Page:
U.S. new home sales increased in July
Sales of new single-family homes in the US increased by 3.6% in July to an annualized pace of 372,000 units, which was slightly higher than market expectations for an increase to 365,000. The level of sales in June was revised up to 359,000 annualized units from the initially reported 350,000; however, this was offset by a downward revision to 372,000 in May from the previously reported 382,000. Strength in new home sales in July was concentrated in the two smallest regions, with sales up 7.7% in the Midwest while sales in the Northeast surged 76.5% in the month to reverse the previous month’s 55.3% plunge. New home sales declined modestly in the South (1.6%) and West (0.9%) to provide a partial offset.
The number of new homes available for sale fell 0.7% to 142,000 from the downwardly revised 143,000 last month (initially reported as 144,000), thereby marking a new low absolute level of housing inventories for records dating back to 1963. At July’s pace of sales, it would take 4.6 months to clear this entire inventory of new homes, which would be down from the revised 4.8 months in June (previously reported as 4.9). This matches the month’s supply of new homes seen in May that had represents the lowest level since October 2005. The median sales price for new homes was $224,200, which was 2.5% below its year-ago level, and was the second consecutive such decline following four straight increases from February to May.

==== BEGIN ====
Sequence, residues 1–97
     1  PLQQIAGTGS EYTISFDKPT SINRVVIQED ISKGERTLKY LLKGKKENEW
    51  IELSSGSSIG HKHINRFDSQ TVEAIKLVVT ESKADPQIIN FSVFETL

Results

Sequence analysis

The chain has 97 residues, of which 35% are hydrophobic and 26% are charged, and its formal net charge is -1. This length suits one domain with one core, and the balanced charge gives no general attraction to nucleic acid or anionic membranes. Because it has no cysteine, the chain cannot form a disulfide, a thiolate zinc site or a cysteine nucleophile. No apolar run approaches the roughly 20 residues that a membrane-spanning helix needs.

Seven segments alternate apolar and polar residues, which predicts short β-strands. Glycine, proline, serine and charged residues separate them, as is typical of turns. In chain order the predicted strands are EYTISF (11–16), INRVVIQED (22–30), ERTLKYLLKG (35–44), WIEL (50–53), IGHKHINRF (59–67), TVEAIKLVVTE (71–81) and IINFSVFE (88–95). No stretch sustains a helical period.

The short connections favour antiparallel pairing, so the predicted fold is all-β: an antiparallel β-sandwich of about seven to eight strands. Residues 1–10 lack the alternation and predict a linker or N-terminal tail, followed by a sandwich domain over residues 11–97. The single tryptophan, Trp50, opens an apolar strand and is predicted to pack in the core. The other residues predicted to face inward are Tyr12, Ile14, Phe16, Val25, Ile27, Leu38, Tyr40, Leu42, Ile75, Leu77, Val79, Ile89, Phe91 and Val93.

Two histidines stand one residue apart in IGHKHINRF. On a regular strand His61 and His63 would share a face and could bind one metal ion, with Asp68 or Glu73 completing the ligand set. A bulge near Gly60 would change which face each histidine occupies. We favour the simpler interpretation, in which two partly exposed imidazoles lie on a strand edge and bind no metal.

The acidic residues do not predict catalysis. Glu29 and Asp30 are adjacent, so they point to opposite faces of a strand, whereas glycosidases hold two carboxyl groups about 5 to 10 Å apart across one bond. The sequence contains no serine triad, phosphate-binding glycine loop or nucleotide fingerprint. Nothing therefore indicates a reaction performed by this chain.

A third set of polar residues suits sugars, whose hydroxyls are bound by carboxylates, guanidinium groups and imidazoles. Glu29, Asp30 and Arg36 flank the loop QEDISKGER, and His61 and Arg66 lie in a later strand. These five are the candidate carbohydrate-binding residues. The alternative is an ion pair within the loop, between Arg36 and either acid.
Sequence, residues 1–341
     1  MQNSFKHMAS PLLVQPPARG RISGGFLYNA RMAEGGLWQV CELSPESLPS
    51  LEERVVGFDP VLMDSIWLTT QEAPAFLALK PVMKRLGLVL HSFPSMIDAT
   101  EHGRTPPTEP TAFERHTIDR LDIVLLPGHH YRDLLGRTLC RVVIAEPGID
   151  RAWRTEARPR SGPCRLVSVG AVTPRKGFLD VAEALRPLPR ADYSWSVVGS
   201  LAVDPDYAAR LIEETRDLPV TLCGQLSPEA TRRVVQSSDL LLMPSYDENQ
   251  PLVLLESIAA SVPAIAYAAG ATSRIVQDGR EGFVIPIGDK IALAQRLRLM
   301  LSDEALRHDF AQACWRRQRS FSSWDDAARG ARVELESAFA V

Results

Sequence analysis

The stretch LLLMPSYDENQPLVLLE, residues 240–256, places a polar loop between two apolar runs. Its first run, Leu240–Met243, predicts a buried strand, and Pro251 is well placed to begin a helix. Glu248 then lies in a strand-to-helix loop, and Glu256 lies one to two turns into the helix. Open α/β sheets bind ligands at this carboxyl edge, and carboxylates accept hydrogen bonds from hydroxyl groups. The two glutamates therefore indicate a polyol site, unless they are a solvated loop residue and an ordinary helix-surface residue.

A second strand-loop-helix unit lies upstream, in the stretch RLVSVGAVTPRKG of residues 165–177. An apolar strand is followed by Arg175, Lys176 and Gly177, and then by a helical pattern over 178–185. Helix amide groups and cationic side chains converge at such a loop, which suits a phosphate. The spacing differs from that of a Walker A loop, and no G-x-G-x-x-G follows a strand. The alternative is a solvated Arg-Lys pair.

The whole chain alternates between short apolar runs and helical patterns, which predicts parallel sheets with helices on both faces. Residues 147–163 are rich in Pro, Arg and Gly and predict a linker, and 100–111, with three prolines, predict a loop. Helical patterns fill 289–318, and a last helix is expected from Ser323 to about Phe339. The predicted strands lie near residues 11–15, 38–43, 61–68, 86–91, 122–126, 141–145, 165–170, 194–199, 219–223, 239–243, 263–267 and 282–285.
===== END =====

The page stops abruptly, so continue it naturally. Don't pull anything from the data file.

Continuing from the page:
Today’s better than expected new homes sales report rounded out another month of data on the housing market that broadly pointed to a continued uptrend in activity, with sales, starts, permits, and homebuilder sentiment all substantially above their year-ago levels. While the improvement in housing market conditions is a welcome development for the US economy, there has only been limited progress in retracing the sharp plunge seen during the economic downturn, and activity remains at historically depressed levels. during the forecast horizon although the sector will not likely be a significant contributor to overall economic growth, and a return to pre-recession levels of activity is likely not in the cards for the foreseeable future.
David Onyett-Jeffries, Economist, RBC Economics